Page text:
Mac Rogers' Viral marks my first exposure both to this playwright and the Bootleg Theater which produced it. Both created quite an impression. A strong, positive, fascinating and disturbing one. But let us leave adjectives aside and go into details.
Viral tells of four (well, five but the fifth only appears in once scene) people who come together under circumstances I for one had never even considered. Geena (Mariel Higuera) and her brother Jarvis (Oscar Camacho) share a home with her boyfriend, and suddenly get a hit on a website. Not only thrilled to the point of near-panic, they get even more excited upon learning the visitor is a woman. Geena--against instructions--chats with her. The website itself has something to do with suicide. We don't know what. The boyfriend Colin (Daniel Dorr) comes back with an even more powerful reaction. Here we starting seeing a hint of what all this really entails. Geena persuades Colin to relax with some love-making, but one involving some kind of video footage they haven't watched in awhile. Something about rednecks on a porch, waiting for an ambulance.
I could feel a tiny bit of my mind go tilt at this point.
Eventually, the woman online named Meredith (Alicia Adams) arrives, someone it turns out suicidal and looking for help to end it all quickly, easily, painlessly. The three housemates prove more than willing to do this, but they have an agenda. All three share a fetish, an intense sexual desire to see someone die. Not to kill people! Nor to see anyone hurt! They're not animals, they insist, nor sadistic. One reason to praise their performances lies in the fact I believed them. So too does Meredith. They want to record her death, the moment of release. For their own pleasure and lots of others (a little more income would make a difference too--their home we're told is pretty wretched, and the minimalist set by Aaron Francis suggests this with subtle firmness, not least because of the color scheme).
Such a scenario should make one's skin crawl. It certainly shocked, although not too much because the whole play eases the audience into realization. More, by then we've found ourselves liking these characters, or at least wishing them well. No small feat, because the entire production depends on a tricky balancing act. Dorr's Colin for example could come across as abusive and vicious. Yet he never really does, not even when he's yelling and calling people "stupid' and blaming them for things clearly not in any way their fault. The nuance we see is how this obnoxiousness stems from insecurity and myopia, not mysoginy. Not cruelty. Part of this remains how Geena clearly does not fear Colin, not even a little bit. All this without anyone ever declaring some on-the-nose dialog (or worse, monologue) about their real feelings or some sentimental formulae that makes It All Alright.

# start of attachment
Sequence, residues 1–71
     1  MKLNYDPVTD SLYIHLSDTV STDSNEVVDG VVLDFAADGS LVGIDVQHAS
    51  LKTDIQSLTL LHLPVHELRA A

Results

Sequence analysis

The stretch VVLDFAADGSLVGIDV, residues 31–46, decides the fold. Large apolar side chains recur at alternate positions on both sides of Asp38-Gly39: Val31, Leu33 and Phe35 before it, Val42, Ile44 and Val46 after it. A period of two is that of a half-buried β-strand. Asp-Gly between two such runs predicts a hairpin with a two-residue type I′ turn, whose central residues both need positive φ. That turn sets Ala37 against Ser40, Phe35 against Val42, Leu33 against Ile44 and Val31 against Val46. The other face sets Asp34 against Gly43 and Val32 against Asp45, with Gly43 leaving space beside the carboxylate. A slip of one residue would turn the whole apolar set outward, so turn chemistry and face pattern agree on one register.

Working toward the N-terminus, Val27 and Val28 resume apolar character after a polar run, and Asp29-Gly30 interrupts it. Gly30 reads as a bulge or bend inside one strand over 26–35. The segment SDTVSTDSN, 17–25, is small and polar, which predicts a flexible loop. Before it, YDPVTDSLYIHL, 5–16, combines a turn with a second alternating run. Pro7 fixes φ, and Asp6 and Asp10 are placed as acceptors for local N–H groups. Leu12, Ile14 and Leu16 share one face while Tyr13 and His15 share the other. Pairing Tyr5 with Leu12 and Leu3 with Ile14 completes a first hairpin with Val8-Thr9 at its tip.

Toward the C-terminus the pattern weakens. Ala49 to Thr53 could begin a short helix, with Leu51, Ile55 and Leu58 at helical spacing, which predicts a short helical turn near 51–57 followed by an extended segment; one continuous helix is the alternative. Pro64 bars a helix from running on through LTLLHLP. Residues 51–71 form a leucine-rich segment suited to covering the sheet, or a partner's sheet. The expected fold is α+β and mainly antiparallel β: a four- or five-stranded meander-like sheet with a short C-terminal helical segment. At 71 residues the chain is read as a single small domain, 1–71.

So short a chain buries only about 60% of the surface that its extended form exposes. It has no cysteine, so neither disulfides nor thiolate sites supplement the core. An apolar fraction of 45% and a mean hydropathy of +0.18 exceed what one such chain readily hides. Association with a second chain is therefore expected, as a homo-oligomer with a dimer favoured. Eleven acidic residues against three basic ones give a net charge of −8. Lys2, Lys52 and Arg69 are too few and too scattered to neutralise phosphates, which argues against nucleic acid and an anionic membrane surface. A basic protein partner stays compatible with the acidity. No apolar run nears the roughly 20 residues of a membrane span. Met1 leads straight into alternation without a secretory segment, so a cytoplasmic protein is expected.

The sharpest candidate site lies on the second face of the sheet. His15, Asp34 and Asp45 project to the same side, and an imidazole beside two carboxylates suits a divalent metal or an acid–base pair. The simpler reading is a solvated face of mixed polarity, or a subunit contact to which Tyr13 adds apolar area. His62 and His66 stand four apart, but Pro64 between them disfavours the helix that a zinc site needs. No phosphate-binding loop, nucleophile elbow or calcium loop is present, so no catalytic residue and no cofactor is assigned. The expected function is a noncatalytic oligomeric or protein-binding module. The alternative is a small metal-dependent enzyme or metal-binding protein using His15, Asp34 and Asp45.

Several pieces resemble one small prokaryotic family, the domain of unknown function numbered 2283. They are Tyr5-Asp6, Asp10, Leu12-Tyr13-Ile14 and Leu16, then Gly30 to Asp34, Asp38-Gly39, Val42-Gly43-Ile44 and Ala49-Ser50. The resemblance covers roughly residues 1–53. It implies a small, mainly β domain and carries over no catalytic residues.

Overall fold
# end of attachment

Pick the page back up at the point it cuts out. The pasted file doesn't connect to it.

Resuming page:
Instead, we get what happens as Meredith agrees, then has to stay with them a few days until everything is ready. Like the drug for Meredith's overdose. Plus the recording equipment to capture The Moment. Buying a dress for Meredith. All very interesting and giving lots of opportunities to peel back the onion of these persons, without ever providing a full biography. Mostly we get hints, coupled with the way they live--the moments making up of how they simply react and act. Goofy and strange, plus quite disturbing in all kinds of ways, still Jarvis and Colin and Geena never seem like cardboard cutouts nor a set of quirks.
The whole production dives into the reality and nuance so consistently I'm left very impressed indeed, not least by director Darin Anthony. Not least because this is who chose the cast!
Here's an example of what I mean. The main four characters--Colin, Geena, Jarvis and Meredith--all have really excellent actors portraying them. Anthony clearly gave a lot of thought into their casting, but the relatively small role of Snow (Mark Kinsey Stephenson)--a distributor of this specialized kind of footage--likewise got full attention. More than any other part, this one could have been nothing but a pile of stereotypes, but we saw nothing of the kind. Every single person, including slick-as-all getout salesman, remained a human being throughout. Which tends to happen far more rarely than anyone likes.
At the end--and in seeing the play you'll understand the significance--what our lead characters achieve is to push past the fantasy into the Real. One might describe it as forsaking pornography for love. Beautiful. Sad, too, because life can be like that. But also deep and for us no less than them, something that moves.
Viral plays at the Bootleg Theater at 2220 Beverly Boulevard, Los Angeles, CA 90057 on Thursdays, Fridays and Saturdays at 7:15pm through January 31. Tickets are $20 in advance, $25 at door, or $15 for students, seniors and union members.